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Does Homeowners Insurance Cover Fires? Types, Exclusions, & FAQ

house fire

Homeowners insurance is an insurance policy that protects against damage and loss of a property and its contents. What is protected and the causes of loss vary according to policy and insurer, and they can be altered by the homeowner to change coverage level and insurance premium, but fire damage is usually considered one of the basic elements of a homeowners insurance policy.

If your property is destroyed or damaged by fire, including wildfires, the insurance company will pay to repair the property and replace any belongings that were lost during that fire. However, if a fire starts on your property and spreads to neighboring properties, damage to their home may not be covered and you may be liable for some costs.

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What Is Homeowners Insurance?

Homeowners insurance is a type of insurance that covers damage to and loss of property and belongings including furniture and personal belongings. Exactly what is covered depends on the policy and options taken out when agreeing to the policy, but usually consists of the following elements:

Type of damage:
  • Property Coverage – Property coverage, or dwelling coverage, protects the value of the house itself as well as any structures or buildings that are directly attached to and belong to that property, such as an attached garage. If a house is completely destroyed, dwelling coverage should cover the cost of rebuilding. More likely, it will pay to repair any damage done by fire so that the house is repaired to a liveable standard. If you need to move out of the house while repairs are made or because the dwelling is not considered safe, this should also be covered by the insurance.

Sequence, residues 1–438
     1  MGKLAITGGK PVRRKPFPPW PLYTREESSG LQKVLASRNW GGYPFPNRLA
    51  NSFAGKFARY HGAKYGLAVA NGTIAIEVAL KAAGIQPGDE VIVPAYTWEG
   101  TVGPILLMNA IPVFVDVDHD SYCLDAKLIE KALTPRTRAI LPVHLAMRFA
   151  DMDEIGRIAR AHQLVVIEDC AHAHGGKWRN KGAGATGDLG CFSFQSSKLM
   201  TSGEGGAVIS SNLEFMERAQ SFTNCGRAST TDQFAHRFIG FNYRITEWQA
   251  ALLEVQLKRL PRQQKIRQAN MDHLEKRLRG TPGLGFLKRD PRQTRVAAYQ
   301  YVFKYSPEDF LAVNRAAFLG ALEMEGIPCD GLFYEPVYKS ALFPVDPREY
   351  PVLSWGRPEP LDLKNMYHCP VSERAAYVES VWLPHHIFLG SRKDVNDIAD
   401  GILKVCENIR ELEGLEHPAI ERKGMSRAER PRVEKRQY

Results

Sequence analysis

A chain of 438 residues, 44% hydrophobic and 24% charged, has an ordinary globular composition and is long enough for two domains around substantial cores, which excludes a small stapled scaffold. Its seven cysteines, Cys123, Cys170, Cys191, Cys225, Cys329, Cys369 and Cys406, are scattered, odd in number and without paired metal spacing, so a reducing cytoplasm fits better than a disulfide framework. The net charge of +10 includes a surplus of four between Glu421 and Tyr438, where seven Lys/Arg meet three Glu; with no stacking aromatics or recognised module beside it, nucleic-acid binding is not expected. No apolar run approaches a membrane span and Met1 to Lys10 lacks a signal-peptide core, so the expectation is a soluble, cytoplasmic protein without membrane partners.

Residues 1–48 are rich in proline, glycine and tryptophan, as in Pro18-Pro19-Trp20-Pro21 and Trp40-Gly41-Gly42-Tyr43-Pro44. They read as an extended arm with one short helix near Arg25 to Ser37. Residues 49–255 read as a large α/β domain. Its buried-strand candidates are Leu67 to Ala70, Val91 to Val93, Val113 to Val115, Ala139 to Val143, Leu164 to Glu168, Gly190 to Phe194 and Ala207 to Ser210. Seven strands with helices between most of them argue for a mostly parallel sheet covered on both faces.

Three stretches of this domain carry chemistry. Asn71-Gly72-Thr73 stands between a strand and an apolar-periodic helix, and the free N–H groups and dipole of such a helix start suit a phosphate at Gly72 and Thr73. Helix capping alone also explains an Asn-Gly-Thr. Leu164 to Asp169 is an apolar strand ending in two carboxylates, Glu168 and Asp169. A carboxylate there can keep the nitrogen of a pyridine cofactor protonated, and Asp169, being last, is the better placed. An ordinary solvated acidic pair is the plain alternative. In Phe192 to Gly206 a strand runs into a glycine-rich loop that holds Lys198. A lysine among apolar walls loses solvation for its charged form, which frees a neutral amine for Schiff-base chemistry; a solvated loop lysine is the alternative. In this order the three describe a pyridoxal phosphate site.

• Other StructuresOther structure coverage, which may also be called detached structure coverage, covers the buildings and premises that belong to the house but are not attached to it. This can include detached garages as well as sheds and other outbuildings.
  • Personal Property – Personal property coverage is another major element of homeowners insurance, and it covers belongings like furniture, electronics, electricals, appliances, and potentially items like clothing and more. It usually protects against perils including fires and natural disasters. It may not cover some high-value or specialist items unless specifically included and itemized.
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Protection Levels

When negotiating and agreeing on a homeowners insurance policy, you will be required to determine protection levels for the different elements of the policy.

  • Dwelling Coverage Limit – Dwelling coverage limit is the amount that it will cost to rebuild a property if it is destroyed. This is not necessarily the same as the price you paid for the property because it can cost more or less to rebuild a house than you paid for it. This is especially true once you have been living in a property for several years and as a result of inflation and increasing prices.